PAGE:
A memoir for Veterans Day

Posted: Wednesday, November 09, 2005

My mother's brother Anton was in the U.S. Navy during WWII and after four years joined the Marines; after four years in the Marines, he died eight years into his army enlistment in May 1960. I never knew him, but I heard a lot about him.

My father, Mark, and his older brother, Harvey, enlisted in the U.S. Navy immediately after Pearl Harbor. Neither one attended basic training and were immediately put in uniform and to work on "picket boats" in Southeast waters. While running picket boats together, they only communicated in the Tlingit language.

After a stint in the Aleutians on a battleship, my father was sent to Tillamook, Ore., for amphibious training. A quartermaster, he was assigned to an amphibious assault ship. His brother was a machinist mate and was assigned to a destroyer.

In the fall of 1944 they were on their separate ways. My father wound up seeing action from Saipan to Okinawa, and was part of the occupation forces in Japan after the war. It was his memories of combat, though, that stuck in my head through the years, even names of shipmates he was still in contact with. The most memorable of his stories were of being at Iwo Jima. He saw the U.S. flag raised on Mt. Suribachi and recorded it in his ship's logbook. He witnessed the raising of the larger flag as well.

He remembered William A. Childers' heading to the landing craft and yelling at my father that he (Childers) forgot his helmet. My dad threw his helmet to Childers and then found his helmet and wore his. He said he never forgot the look as they looked at each other, knowing that he would die on the first wave on the beach; he wore Childer's helmet throughout the rest of the war. All those troops he saw go ashore, knowing most would not be coming back. The blood-shed, and the bodies coming back to the ship. Twenty-four landing craft were sent ashore, two came back. The ship carried 1,500 troops.

He saw the USS Bismarck Sea get hit, and eventually its magazines exploded; 318 crewmen were lost on that ship. It was the daily routine.

He tried to help the wounded as they were brought back to the ship but couldn't bear to be around it. Even after the war when the horn on a buoy would sound he would panic, thinking of groaning, wounded men. For three days after I took him to see Saving Private Ryan, he was still shaken by reliving the combat he had seen.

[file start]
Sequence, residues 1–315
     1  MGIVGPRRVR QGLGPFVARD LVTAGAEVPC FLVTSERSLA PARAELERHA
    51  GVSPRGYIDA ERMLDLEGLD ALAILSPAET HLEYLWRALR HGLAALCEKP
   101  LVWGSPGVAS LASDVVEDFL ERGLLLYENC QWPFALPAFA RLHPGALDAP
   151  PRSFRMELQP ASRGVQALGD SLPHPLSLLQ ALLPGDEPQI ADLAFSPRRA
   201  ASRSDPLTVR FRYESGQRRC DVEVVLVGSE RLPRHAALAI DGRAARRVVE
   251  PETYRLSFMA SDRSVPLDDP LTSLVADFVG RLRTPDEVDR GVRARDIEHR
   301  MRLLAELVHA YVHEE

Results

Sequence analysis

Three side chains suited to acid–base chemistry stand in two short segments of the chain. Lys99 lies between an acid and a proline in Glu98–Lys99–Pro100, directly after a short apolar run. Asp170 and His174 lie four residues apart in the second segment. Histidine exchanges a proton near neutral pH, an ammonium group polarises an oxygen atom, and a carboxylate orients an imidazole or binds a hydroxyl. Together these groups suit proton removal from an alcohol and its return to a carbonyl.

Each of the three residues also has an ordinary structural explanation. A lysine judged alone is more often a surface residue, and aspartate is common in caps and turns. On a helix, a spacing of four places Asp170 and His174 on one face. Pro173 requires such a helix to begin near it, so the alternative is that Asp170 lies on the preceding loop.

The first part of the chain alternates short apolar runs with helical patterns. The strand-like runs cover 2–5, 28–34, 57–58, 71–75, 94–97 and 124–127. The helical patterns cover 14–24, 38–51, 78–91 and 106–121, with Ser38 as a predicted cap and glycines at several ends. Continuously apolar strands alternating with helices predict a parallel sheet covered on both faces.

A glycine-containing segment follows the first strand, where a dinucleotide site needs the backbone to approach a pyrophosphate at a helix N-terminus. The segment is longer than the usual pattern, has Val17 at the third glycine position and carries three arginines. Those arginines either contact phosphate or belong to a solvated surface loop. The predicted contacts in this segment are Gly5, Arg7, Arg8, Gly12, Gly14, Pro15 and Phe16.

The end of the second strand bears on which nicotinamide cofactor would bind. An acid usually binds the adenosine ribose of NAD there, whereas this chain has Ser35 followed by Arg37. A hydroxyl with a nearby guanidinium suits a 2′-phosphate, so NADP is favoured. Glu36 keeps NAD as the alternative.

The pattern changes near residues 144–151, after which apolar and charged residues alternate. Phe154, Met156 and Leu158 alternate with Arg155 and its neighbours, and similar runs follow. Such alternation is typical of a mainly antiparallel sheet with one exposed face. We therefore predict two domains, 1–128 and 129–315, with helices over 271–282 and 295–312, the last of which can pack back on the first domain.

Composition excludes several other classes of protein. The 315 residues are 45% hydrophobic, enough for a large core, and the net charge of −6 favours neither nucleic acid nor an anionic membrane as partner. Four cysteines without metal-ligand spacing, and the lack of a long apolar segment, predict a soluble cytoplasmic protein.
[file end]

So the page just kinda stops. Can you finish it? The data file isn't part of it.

Okinawa was the worst. He said from April 1-18 was "round-the-clock" anti-aircraft fire. He was in the after steering station under a 5-inch gun mount. On April 7, Tokyo Rose was on the radio telling them the IJN Yamato, on a suicide run to beach itself, was heading towards them to "destroy them off the beaches." Sailors panicked, knowing it was the largest battleship afloat; many wondering why they stayed on the beaches when the ship was closing in. It was sunk less than an hour-and-a- half from gun-range.

He told of a kamikaze attack when his entire crew fled the aft steering room, leaving him alone. The plane veered off suddenly and hit the ship next to them. Later I read about this on the Internet from a crewman on the ship that was hit and showed it to my father. He retold the story, again.

He had to record sea burials in the ship's log. Some of the burials were made right over the Marianas Trench, the deepest spot in the ocean. They had so many casualties they ran out of flags. They had to use the same flag over and over as the bodies sewn up in canvas bags and weighted with a 5-inch round were buried at sea. As they say, "They're still on duty."

The worst time he had though was when his brother's ship was sunk, hit by five kamikazes off Okinawa. He said he pleaded for information and could only go hide by himself and cry for his brother. Later he learned his brother had been taken off at Midway and missed that sailing. He received a letter from is brother saying, "My ship was ___________." The word "sunk" was cut out by sensors.

I found a website of a woman looking for her 18-year-old brother who had been on my dad's ship. I called her twice. Eventually one crewmember remembered him; he heard a call for medic and ran to help and got caught in an ambush when an ammo dump blew up. His sister was so thankful someone remembered him. I remember her words: "He was only 18."

There are so many more stories my father told me, and how I wish I could hear them again. My brother Mark was in the Navy during the Vietnam era; he didn't wear his uniform off base due to hostile anti-war protesters. Now my nephew Mark is in the Navy, carrying on a family tradition.

My father was discharged from the Navy on his 22nd birthday, November 28, 1945. A tried combat veteran. I've seen so many leave us over the past several years, not even knowing of their experiences, only getting to read about it "after they were gone."

On January 13 of this year, my father received another honorable discharge when he left this world and joined others who had gone on before. I wonder if Childers was there to greet him.

I can still see the flag on my father's coffin, a symbol of a free country, a country he fought proudly for and would have died for, and saw others die for. A Navy color guard knelt in front of my mom, his wife of 55 years, and as he handed her the flag he thanked her for my father who served this country "during its darkest hour."

Just last week I read an online obituary of another crewmember who had died last month and at the end of his obituary was a flag, showing his service to our country.

This Veterans Day, stop a veteran when you see one, and say "Thank you!" If it wasn't for them I probably wouldn't be writing this, and you probably wouldn't be allowed to read it.

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